I started adding some YA novels into the mix a few years back, & it was one of the best reading-related decisions I’ve made. Some fantastic authors addressing important topics in exciting & intriguing ways. Anyone who thinks YA = “kiddie lit” just hasn’t been paying attention. I haven’t read either of the ones you’ve mentioned – but they’re on my to-read list now – thank you!

  • Doug Evans

    I’m here! Richard wasn’t last!

    I read 8 (8!) last month, so let’s get to them:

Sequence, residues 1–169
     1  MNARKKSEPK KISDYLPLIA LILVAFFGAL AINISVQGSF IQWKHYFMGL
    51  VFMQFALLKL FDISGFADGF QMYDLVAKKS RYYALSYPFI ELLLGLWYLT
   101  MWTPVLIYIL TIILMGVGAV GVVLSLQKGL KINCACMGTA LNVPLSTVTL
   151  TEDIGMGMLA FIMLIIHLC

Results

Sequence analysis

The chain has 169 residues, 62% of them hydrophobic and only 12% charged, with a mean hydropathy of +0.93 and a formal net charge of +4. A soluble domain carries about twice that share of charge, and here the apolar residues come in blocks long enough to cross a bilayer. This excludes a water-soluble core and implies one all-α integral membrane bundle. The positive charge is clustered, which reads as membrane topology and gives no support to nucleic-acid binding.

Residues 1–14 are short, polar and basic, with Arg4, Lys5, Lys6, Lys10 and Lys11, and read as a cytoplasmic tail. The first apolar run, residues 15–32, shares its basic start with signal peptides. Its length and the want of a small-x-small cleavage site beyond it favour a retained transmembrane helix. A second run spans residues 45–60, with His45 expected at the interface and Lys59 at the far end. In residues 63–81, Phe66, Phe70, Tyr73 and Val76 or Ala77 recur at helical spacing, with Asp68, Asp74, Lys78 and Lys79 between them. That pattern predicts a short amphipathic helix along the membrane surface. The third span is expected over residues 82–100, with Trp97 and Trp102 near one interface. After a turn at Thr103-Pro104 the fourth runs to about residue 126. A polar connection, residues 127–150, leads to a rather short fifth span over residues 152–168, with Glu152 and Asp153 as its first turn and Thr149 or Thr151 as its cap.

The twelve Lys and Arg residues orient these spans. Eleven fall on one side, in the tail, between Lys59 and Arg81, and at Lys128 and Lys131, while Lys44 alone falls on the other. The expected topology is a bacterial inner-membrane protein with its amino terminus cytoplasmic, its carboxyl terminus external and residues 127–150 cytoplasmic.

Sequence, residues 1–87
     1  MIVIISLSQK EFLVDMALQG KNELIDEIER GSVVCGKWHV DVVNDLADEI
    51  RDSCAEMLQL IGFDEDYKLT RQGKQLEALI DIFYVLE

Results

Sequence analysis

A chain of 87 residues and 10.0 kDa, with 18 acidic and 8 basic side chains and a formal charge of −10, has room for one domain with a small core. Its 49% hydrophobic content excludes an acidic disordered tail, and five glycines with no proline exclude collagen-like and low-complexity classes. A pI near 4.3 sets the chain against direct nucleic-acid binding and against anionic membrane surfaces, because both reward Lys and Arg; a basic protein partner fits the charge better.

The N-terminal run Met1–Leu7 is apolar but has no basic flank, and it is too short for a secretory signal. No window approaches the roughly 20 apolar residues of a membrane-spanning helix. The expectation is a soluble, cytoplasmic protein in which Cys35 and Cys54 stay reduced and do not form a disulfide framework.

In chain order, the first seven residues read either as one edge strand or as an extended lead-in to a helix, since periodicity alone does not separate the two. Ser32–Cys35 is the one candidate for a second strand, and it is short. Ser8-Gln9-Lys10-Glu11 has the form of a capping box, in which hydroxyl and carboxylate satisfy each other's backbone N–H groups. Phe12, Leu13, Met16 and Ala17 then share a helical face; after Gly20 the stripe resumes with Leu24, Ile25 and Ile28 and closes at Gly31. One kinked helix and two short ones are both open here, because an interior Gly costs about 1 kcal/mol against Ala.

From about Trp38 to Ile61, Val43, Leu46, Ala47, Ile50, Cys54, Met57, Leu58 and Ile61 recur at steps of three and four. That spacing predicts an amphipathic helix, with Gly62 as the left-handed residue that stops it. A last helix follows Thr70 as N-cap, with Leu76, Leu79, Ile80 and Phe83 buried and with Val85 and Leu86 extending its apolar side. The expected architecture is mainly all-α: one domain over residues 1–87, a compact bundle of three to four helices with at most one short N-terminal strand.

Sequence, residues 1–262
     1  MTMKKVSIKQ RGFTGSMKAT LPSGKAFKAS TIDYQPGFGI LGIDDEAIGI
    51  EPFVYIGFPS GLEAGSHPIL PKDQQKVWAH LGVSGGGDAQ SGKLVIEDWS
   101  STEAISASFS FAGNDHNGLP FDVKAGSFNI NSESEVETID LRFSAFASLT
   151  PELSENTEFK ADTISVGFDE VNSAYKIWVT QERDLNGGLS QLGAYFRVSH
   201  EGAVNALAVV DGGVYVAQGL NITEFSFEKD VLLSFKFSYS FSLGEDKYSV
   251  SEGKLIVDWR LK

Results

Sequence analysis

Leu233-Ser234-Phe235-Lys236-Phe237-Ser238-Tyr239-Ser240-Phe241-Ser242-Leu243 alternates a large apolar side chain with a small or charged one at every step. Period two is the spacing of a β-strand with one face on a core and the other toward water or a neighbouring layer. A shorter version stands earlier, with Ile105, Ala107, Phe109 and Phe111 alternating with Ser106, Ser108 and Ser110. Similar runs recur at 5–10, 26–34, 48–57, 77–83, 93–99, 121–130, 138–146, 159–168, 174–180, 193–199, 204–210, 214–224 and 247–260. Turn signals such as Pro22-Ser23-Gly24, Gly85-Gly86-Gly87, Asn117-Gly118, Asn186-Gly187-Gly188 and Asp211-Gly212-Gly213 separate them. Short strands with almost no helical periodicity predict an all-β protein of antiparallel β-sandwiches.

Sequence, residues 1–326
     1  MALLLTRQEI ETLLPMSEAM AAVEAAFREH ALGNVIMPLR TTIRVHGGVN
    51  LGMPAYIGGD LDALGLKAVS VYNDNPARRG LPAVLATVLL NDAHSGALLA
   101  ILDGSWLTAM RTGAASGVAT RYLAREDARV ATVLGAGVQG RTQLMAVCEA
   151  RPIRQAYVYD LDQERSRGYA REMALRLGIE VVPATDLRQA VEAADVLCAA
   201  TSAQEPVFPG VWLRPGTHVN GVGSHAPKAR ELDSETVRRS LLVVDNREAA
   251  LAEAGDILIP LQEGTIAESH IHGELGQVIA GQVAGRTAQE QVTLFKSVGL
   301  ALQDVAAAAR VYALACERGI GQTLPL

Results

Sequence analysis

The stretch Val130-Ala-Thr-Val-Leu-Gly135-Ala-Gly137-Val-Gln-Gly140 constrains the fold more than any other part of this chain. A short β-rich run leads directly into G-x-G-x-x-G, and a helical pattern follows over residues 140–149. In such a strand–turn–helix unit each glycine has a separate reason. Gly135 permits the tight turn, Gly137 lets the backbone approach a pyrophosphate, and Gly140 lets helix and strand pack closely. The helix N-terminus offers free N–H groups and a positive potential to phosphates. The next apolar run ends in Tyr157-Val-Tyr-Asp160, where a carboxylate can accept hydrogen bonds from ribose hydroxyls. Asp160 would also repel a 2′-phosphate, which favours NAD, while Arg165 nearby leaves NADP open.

“Poison” by Galt Niederhoffer (2017). A woman marries the perfect man, gradually comes to suspect he’s trying to poison her, can’t get anyone to believe her, watches as her own parent testifies in court that she’s crazy, then writes a book about it, because EVERYTHING I JUST TYPED IS THE REAL-LIFE STORY BEHIND THIS BOOK. Niederhoffer, the author, became convinced that her husband was trying to poison her, took him to court, watched as her own father testified that she was crazy, settled, and (I guess) decided: what the heck, let’s write a fictionalized version of what just happened to me. I’m sure the real life story was plenty exciting to live through, but the fiction version was a bit of a drag. Glad you’re still here with us, though, Niederhoffer!